CEPA’s experience has straddled several sectors and thematic areas in the area of assessments: resettlement, conflict, infrastructure (roads, energy, and water and sanitation), plantations, children’s issues, and youth. Poverty, gender and environmental analyses are mainstreamed into CEPA’s work. CEPA has used its expertise to assist clients to design programmes, to prioritise pro-poor interventions, to construct monitoring systems, carry out inprocess monitoring and independent external evaluations, and to develop organisational capacity in project design, monitoring and evaluation.
Over the years CEPA’s established expertise in qualitative research has been complemented by increased capacity in quantitative analysis, and the ability to carry out relatively large surveys. CEPA’s interest in the Q2 (or Q squared) approach that mixes both qualitative and quantitative methods in a complementary way, puts it at the cutting edge of the use of research methodology. We have also developed a capacity to moderate discussion, to facilitate dialogue among diverse stakeholders and to engage in knowledge management.
The United States Agency for International Development (USAID) supported the Government of Sri Lanka in addressing land tenure and property rights challenges in the North and East under the Land Administration and Protection of Property (LAPP) project. The program was implemented through a Property Rights and Resource Governance task order awarded to ARD, Inc., implementing partner for USAID. The LAPP project provided assistance to government recovery efforts in protecting property, clarification of rights and access to land and strengthening land administration capacity of local government staff. In connection with the project, ARD, Inc. requested CEPA to provide advisory services that informed the LAPP project in addressing land tenure challenges at national and provincial levels. More specifically, a research report recommending the development of a gender and vulnerable groups strategy, that will ensure the inclusivity and participation of vulnerable groups i.e. women-headed households, orphans, Sri Lankans living abroad, and identify viable mechanisms for property rights/claims processes.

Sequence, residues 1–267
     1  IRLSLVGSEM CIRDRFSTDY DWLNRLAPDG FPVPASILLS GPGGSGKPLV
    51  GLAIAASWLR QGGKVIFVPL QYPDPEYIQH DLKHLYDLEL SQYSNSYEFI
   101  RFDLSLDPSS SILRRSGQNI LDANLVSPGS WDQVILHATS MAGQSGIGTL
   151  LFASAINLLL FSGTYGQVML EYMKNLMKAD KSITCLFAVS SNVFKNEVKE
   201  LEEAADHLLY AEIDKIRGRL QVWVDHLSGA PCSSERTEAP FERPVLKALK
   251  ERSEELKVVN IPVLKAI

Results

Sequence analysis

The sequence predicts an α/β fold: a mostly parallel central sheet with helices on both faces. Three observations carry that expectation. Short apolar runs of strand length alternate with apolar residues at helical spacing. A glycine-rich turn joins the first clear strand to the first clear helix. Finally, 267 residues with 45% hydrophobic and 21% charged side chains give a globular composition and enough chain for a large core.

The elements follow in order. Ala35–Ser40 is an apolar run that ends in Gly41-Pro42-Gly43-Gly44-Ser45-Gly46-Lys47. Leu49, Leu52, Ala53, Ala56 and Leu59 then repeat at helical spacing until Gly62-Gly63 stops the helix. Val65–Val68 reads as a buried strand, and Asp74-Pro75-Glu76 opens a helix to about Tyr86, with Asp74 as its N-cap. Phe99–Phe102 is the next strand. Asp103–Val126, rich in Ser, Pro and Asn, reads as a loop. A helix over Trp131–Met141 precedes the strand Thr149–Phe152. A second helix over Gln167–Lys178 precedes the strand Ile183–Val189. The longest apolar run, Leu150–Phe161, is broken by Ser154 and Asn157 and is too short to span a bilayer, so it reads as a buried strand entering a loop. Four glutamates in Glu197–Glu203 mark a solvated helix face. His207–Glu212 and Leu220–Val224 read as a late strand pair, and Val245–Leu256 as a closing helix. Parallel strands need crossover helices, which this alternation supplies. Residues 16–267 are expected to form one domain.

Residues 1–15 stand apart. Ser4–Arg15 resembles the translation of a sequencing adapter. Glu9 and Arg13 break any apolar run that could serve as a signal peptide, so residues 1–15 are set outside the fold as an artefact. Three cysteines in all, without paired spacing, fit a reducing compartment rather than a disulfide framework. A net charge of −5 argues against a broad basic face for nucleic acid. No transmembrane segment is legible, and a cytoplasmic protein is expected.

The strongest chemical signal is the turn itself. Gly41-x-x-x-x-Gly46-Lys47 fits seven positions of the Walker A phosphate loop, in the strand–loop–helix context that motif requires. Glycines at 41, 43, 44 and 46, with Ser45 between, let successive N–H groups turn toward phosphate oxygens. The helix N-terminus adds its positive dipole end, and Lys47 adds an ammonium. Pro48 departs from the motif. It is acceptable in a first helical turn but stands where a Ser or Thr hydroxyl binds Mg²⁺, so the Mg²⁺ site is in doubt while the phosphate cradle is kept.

Social welfare programmes in the plantation sector are carried out with the intention of improving the lives and living conditions of estate workers. There is also an implicit expectation that these investments result in increased willingness to work on the estates and worker productivity. Hence the overall objective of the study was to examine the relationship between social welfare programmes and their contribution to productivity. It identifies pivotal factors that contribute to labour satisfaction and productivity and if social programmes lead to behavioral and attitudinal changes that then have an impact on productivity.
The panel survey on Entrepreneurs in Colombo is a continuation of the cross-sectional survey conducted in 2012 (Employment, Empowerment and Living Standards). The objective of the survey was to improve the understanding on the mechanisms of enterprise growth, in particular, capital accumulation of microenterprises. In addition, it shed light on social and kinship networks in overcoming credit market constraints, role of savings devices on savings and investment behaviour.
Sri Lankan think-tank promoting a better understanding of poverty-related development issues. CEPA believes that poverty is an injustice that should be overcome and that overcoming poverty involves changing policies and practices nationally and internationally, as well as working with people in poverty.
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No. 29 R.G. Senanayake Mawatha (formerly Gregory's Road),
Colombo 07, Western, Sri Lanka, 00700